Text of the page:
“We expect the economy overall and consumer spending will contract in the current quarter and then moderately pick up January-March, but such recovery won't be strong enough.”

Household spending fell by 4.6 percent in April 2014 when Japan last raised the sales tax to 8 percent from 5 percent. It took more than a year for the sector to return to growth.

Compared with the previous month, household spending fell 11.5 percent in October, the fastest drop since April 2014, a faster decline than the median 9.8 percent forecast.

Analysts said a powerful typhoon in October, which lashed swathes of Japan with heavy rain, also played a factor in the downbeat data. Some shops and restaurants closed during the storm and consumers stayed home.

Separate data also showed the weak state of the economy.

The index of coincident economic indicators, which consists of a range of data including factory output, employment and retail sales data, fell a preliminary 5.6 points to 94.8 in October from the previous month, the lowest reading since February 2013, the Cabinet Office said on Friday.

It was also the fastest pace of decline since March 2011, according to the data.

Real wages adjusted for inflation, meanwhile, edged up for a second straight month in October, but the higher levy and weak global economy raise worries about the prospect for consumer spending and the overall economy.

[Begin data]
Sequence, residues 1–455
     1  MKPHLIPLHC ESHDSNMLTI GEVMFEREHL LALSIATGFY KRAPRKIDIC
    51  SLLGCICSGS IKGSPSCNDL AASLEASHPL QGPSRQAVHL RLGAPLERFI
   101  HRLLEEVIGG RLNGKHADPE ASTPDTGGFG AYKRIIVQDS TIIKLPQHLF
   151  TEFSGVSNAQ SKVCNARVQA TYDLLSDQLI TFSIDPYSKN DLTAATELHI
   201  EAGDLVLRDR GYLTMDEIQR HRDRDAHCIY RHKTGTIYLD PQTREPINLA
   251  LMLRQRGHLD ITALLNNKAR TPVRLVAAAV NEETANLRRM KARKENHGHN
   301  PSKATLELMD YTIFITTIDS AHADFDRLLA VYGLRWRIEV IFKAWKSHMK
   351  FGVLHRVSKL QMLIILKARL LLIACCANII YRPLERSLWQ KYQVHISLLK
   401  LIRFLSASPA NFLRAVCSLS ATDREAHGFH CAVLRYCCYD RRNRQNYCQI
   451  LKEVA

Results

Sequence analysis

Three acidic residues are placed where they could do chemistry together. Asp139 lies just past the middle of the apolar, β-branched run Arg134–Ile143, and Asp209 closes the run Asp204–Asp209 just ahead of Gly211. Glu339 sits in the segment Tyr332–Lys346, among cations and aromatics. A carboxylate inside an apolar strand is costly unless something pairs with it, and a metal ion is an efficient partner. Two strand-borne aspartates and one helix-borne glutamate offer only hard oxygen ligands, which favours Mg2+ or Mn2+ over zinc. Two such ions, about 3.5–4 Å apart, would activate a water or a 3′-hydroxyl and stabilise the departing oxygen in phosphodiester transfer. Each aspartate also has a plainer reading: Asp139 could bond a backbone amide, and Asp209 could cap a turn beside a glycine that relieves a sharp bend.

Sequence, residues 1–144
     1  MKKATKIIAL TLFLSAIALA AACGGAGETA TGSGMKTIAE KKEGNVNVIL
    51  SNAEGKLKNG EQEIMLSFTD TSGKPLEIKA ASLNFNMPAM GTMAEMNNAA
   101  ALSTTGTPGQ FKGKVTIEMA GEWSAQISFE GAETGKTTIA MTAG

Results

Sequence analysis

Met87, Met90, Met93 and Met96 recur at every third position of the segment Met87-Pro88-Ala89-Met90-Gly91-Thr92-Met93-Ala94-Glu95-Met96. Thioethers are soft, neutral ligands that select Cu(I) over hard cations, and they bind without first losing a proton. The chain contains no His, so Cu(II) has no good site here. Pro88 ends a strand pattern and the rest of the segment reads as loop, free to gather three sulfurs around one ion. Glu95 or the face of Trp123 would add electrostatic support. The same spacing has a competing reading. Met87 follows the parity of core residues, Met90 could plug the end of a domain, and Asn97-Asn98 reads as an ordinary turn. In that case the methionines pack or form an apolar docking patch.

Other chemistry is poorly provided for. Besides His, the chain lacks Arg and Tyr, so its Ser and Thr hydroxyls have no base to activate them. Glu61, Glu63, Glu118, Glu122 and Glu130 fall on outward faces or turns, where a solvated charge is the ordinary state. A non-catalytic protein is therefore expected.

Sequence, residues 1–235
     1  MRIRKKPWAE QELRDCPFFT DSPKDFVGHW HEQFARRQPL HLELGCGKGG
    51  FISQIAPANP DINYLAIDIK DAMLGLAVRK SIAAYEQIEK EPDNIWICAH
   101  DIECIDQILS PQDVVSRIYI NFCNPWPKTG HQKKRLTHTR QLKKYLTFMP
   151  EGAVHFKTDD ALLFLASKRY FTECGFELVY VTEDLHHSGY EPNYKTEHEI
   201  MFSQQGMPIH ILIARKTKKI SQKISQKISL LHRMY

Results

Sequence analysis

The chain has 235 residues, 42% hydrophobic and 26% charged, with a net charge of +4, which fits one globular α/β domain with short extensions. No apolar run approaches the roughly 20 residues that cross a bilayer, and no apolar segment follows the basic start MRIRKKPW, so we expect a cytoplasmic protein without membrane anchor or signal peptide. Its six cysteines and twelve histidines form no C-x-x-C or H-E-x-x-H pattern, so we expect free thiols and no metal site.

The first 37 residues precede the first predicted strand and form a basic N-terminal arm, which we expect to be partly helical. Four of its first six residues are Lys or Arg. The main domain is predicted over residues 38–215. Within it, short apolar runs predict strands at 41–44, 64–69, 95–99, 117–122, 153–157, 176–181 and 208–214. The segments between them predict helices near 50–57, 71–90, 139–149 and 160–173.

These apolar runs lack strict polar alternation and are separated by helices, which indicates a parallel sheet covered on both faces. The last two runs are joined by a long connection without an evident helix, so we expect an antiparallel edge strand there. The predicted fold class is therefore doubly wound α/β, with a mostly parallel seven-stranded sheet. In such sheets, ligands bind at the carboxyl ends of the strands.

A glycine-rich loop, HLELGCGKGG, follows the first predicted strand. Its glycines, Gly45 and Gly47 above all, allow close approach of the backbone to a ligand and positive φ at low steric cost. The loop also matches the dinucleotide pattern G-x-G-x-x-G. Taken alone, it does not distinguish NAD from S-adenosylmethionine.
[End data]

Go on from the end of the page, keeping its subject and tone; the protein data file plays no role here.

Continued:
While the government has sought to offset the hit to consumers through vouchers and tax breaks, there are fears the higher tax could hurt an economy already feeling the pinch from global pressures.

Japan unveiled a $122 billion fiscal package on Thursday to support stalling growth and as policymakers look to sustain activity beyond the 2020 Tokyo Olympics.

A recent spate of weak data, such as exports and factory output, have raised worries about the risk of a sharper-than-expected slowdown. The economy grew by an annualized 0.2 percent in the third quarter, the weakest pace in a year.

Analysts expect the economy to shrink in the current quarter due to the sales tax hike.